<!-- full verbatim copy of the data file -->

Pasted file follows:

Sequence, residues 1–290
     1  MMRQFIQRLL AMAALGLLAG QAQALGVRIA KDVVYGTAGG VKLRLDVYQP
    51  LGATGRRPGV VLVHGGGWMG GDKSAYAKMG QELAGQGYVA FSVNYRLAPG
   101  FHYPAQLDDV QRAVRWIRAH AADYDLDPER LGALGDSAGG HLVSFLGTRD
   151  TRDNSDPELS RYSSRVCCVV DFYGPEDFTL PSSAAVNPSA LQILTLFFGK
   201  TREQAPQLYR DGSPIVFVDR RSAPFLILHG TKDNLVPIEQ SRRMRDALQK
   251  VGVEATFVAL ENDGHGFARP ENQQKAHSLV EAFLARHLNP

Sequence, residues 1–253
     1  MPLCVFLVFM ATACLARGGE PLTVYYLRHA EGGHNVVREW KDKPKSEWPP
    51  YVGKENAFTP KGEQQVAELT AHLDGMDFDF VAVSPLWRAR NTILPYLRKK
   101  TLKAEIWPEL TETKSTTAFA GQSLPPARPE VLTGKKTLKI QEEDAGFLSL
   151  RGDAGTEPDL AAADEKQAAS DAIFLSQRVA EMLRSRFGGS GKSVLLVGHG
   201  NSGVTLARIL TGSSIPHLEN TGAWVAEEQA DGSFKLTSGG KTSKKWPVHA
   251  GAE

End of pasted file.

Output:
Sequence, residues 1–290
     1  MMRQFIQRLL AMAALGLLAG QAQALGVRIA KDVVYGTAGG VKLRLDVYQP
    51  LGATGRRPGV VLVHGGGWMG GDKSAYAKMG QELAGQGYVA FSVNYRLAPG
   101  FHYPAQLDDV QRAVRWIRAH AADYDLDPER LGALGDSAGG HLVSFLGTRD
   151  TRDNSDPELS RYSSRVCCVV DFYGPEDFTL PSSAAVNPSA LQILTLFFGK
   201  TREQAPQLYR DGSPIVFVDR RSAPFLILHG TKDNLVPIEQ SRRMRDALQK
   251  VGVEATFVAL ENDGHGFARP ENQQKAHSLV EAFLARHLNP

Sequence, residues 1–253
     1  MPLCVFLVFM ATACLARGGE PLTVYYLRHA EGGHNVVREW KDKPKSEWPP
    51  YVGKENAFTP KGEQQVAELT AHLDGMDFDF VAVSPLWRAR NTILPYLRKK
   101  TLKAEIWPEL TETKSTTAFA GQSLPPARPE VLTGKKTLKI QEEDAGFLSL
   151  RGDAGTEPDL AAADEKQAAS DAIFLSQRVA EMLRSRFGGS GKSVLLVGHG
   201  NSGVTLARIL TGSSIPHLEN TGAWVAEEQA DGSFKLTSGG KTSKKWPVHA
   251  GAE